(Above:  The 30' dumpster ... already filled with the debris left in the building, old duct work, older ceiling tiles, and various other "junk" that needs to be removed so that the renovations can more forward.)

We were happy to see the 30' dumpster, the port-a-pot for the contractor's team, and the headway made toward the renovations.  We also met with our architect, JaneAnn Bolin of Wildflower Design Studio.  More measurements were made, electrical plans are underway, and things are really beginning to happen.  Our hope is still to be moved by Christmas!

(Above:  Steve at Blue Ghost Brewery)

Before going to our church, we delivered artwork to the Grovewood Gallery in Asheville and celebrated the day at Blue Ghost Brewery for lunch.  I hope to have more successful weekends like this!

Sunday, July 09, 2023

BIG ANNOUNCEMENT! Retirement and a move to a new location.


For several years I've been telling Steve that I wanted to retire from custom picture framing to live in a giant warehouse that would function as my home and studio. It was a dream. I never thought Steve would agree, but he surprised me last December by locating a property outside Central, South Carolina. It's not a warehouse. It the former Cateechee Textile Mill Village's old brick church. The church hasn't been used since 2018. We made an offer. "Due diligence" took longer than anticipated in order to secure a clear title, a survey, find an architect and contractor, figure out the cost for renovations, and line up financing.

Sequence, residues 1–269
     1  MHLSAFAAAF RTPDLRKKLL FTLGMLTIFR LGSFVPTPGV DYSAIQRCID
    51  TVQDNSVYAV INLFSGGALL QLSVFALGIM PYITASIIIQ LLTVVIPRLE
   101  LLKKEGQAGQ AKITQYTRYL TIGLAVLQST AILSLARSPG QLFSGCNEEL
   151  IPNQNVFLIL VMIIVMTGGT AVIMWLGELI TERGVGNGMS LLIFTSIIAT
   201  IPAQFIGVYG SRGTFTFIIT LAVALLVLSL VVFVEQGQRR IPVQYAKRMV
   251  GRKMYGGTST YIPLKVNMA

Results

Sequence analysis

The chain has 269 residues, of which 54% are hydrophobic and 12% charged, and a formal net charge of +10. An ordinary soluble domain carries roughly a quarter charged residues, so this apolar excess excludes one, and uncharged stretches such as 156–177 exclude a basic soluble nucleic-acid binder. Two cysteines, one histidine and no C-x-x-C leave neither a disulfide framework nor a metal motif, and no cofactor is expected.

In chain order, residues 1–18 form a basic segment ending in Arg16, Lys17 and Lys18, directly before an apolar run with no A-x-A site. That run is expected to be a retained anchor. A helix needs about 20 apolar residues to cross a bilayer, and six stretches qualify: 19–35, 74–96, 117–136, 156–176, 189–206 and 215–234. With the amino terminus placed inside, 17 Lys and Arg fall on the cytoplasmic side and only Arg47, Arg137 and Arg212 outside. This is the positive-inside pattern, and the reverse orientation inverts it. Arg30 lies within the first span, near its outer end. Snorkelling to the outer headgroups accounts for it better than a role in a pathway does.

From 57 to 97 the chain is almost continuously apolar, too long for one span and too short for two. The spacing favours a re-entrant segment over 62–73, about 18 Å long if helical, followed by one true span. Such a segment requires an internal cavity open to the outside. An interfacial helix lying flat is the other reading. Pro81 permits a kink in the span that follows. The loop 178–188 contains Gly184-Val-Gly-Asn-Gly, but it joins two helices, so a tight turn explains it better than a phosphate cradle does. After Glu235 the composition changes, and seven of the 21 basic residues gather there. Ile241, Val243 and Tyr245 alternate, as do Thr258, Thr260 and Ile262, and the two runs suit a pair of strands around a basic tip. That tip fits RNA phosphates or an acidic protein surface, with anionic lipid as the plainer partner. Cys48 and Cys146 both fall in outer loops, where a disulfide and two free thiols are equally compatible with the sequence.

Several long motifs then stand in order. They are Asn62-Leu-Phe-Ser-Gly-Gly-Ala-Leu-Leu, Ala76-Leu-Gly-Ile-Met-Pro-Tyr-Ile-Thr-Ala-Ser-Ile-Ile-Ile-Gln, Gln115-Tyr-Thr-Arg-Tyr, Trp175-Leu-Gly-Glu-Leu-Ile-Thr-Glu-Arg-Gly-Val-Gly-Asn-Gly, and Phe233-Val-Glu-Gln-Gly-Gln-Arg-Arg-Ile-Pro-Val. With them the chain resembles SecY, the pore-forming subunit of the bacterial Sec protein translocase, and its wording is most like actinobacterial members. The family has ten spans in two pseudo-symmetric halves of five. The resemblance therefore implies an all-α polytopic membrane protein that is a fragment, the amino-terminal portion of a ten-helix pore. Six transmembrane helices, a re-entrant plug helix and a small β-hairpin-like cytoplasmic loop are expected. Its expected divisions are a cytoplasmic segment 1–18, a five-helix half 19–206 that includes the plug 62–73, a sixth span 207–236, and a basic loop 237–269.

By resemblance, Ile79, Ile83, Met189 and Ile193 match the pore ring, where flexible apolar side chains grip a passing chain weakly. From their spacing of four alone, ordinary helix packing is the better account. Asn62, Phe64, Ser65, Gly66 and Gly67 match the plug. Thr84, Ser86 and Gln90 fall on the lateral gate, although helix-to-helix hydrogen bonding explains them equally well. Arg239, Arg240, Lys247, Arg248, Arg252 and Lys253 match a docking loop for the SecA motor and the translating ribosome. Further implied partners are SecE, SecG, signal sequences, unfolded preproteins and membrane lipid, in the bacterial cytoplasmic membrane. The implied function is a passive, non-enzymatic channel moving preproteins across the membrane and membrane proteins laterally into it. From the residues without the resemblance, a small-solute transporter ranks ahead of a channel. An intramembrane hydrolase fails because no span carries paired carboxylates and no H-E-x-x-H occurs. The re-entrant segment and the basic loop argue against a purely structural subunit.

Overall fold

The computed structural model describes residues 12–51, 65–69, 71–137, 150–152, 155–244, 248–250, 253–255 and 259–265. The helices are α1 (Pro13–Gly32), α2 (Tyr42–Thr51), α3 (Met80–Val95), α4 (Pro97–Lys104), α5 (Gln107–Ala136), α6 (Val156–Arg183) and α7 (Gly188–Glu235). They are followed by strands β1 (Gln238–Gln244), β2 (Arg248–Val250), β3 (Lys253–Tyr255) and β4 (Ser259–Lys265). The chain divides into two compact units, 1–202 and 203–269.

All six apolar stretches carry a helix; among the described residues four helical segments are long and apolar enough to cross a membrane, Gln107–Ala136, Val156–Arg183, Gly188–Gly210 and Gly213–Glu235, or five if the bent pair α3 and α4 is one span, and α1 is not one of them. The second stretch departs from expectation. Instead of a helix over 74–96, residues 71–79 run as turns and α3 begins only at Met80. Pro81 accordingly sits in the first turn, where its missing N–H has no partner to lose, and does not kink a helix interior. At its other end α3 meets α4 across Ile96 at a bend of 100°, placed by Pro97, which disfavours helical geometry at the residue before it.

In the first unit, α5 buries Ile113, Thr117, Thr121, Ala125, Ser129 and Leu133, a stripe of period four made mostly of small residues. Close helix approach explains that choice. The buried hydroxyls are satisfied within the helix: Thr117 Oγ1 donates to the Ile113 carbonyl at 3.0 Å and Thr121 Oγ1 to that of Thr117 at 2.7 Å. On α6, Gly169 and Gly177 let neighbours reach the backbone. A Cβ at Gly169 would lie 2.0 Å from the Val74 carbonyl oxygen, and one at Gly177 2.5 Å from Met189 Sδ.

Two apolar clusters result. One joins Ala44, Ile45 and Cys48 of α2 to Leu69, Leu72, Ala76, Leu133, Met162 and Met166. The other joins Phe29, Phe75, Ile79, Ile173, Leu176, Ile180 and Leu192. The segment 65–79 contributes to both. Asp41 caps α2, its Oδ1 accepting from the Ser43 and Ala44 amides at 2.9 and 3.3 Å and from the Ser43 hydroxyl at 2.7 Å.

A couple weeks ago, we signed closing documents! Last week, the church got its new roof! In four to six months, the place will have a new, beautiful living area where Sunday school rooms and offices once were. The hardwood floored sanctuary will serve as my studio and storage area. We hope to be relocated in time for Christmas. What a celebration that will be! 

(Above:  Selfie with Steve ... taken from the choir loft and looking down into that sanctuary which will become MY STUDIO!)

Today is the official announcement!  Why?  Well, this coming Friday is Bastille Day, my personal day of independence!  Why?  Well, in 2001 on the French Day of Independence, we started down-sizing Mouse House (established in 1987). Back in 2001, we had fourteen on payroll and worked twelve to fourteen hour days, seven days a week, fifty weeks a year. Since that time, its been just Steve and me.